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The Wedding Jester Paperback – April 1, 1999


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Product Details

  • Paperback: 223 pages
  • Publisher: Graywolf Press (April 1, 1999)
  • Language: English
  • ISBN-10: 155597290X
  • ISBN-13: 978-1555972905
  • Product Dimensions: 0.6 x 6 x 8.8 inches
  • Shipping Weight: 12.5 ounces (View shipping rates and policies)
  • Average Customer Review: 4.7 out of 5 stars  See all reviews (10 customer reviews)
  • Amazon Best Sellers Rank: #1,117,293 in Books (See Top 100 in Books)

Editorial Reviews

From Publishers Weekly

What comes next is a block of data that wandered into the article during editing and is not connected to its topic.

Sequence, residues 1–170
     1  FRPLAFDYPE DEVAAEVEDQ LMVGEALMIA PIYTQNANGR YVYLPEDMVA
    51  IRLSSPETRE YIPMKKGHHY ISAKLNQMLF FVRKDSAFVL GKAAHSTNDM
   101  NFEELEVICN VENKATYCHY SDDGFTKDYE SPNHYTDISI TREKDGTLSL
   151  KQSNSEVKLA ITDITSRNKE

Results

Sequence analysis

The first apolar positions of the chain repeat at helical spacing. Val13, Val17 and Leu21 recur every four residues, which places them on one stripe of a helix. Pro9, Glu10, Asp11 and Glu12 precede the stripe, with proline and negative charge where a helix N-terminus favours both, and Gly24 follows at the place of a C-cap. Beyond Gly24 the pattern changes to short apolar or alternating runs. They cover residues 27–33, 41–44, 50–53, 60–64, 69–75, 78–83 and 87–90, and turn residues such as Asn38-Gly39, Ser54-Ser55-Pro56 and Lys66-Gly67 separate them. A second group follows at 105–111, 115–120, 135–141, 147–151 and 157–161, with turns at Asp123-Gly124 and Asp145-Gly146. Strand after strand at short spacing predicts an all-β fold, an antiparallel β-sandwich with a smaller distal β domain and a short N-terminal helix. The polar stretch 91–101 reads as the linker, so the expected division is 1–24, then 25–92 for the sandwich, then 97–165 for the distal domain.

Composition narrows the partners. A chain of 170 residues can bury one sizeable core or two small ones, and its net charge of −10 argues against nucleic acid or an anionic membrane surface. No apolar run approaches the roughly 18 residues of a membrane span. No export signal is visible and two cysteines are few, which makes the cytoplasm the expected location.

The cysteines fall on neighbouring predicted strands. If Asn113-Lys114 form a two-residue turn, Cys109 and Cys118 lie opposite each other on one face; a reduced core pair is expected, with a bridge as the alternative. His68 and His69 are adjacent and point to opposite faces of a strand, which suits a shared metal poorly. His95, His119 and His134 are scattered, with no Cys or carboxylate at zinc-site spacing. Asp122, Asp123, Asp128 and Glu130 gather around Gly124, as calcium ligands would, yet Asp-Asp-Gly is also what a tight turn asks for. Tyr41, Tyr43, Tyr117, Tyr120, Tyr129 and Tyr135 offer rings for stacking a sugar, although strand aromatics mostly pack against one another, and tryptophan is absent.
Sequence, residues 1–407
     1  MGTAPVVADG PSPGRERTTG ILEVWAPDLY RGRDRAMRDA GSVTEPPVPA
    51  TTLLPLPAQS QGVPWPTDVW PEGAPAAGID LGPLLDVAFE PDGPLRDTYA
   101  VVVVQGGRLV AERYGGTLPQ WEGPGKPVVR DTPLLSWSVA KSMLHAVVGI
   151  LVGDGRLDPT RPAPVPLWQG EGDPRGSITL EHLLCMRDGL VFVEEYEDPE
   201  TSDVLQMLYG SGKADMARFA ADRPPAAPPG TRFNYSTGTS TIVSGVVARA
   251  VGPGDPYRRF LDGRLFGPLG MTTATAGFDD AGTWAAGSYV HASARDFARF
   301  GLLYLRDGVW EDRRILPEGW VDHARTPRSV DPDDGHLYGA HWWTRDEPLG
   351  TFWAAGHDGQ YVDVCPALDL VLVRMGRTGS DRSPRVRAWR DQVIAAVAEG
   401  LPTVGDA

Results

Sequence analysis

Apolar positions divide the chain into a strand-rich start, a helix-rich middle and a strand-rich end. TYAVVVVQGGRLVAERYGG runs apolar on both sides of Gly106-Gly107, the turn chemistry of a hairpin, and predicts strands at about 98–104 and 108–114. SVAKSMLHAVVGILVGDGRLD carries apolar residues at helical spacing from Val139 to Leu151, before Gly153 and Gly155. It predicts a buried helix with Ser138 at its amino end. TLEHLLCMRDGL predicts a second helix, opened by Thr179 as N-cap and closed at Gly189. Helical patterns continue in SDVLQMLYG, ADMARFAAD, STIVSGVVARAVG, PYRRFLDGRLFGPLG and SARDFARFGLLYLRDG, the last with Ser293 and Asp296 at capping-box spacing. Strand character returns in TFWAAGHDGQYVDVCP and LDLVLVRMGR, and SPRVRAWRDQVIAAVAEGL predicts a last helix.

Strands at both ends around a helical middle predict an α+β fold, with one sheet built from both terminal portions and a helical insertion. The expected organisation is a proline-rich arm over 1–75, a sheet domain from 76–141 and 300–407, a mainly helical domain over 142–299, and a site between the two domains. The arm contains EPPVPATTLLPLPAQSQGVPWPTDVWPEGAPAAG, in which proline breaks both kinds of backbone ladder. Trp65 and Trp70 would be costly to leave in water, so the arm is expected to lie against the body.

Rich and wondrous, these nine tales confirm Stern's (A Plague of Dreamers) distinctive place in modern American Jewish fiction, as he continues to stake out his own unique territory where history and myth intersect, where Jewish legends, mysticism and ancient traditions implode into the everyday with dazzling and unforeseen consequences. "Magic realism" seems too facile a term to encompass these beguiling, multilayered stories in which a flying rabbi floats above houses and trolleys; a humble cobbler and his wife, transported to Paradise via extraordinarily "ecstatic intercourse," enlist the aid of Elijah, prophet-turned-honorary angel, to return them to earth; and a voracious, man-hungry succubus steps from a mirror to seduce a terrified yeshiva scholar. Fervent dreamers, crackpot messiahs, bedeviled housewives, rowdy beekeepers, vagrant angels and wise fools fiercely pursue their obscure destinies in ingenious fictions that prismatically filter Jewish history, tragedy, consciousness, hope and despair through a modern existential lens. In the hilarious and outrageous title story, set in a Catskills singles resort, the bride-to-beAmoments before she can say "I do"Ais possessed by a dybbuk, in this case the spirit of a wisecracking dead male Borscht Belt comedian. The narrator, a blocked writer who could be Stern's alter-ego, uses a kabbalist kissing technique to exorcise the unruly spirit-which then possesses him. This irreverent, classic story plumbs Jewish humor as a source of strength, a survival tool, a vehicle to resist cant and conformity. Stern's tales utterly transport readers into a fully realized world, whether the setting is the neurotic, Seinfeld-like milieu of a Manhattan writer ("Bruno's Metamorphosis"), or czarist Russia's Jewish ghetto and New York's Lower East Side ("Romance"), or Stern's favorite haunt, a Memphis, Tenn., Jewish community in uneasy coexistence with its gentile neighbors ("Tale of a Kite"). With empathy and bracing wit, Stern's enjoyable stories seismically chart the collision of the Old World and the New, of undying religious traditions and modern secularism, of lust and love, faith and doubt.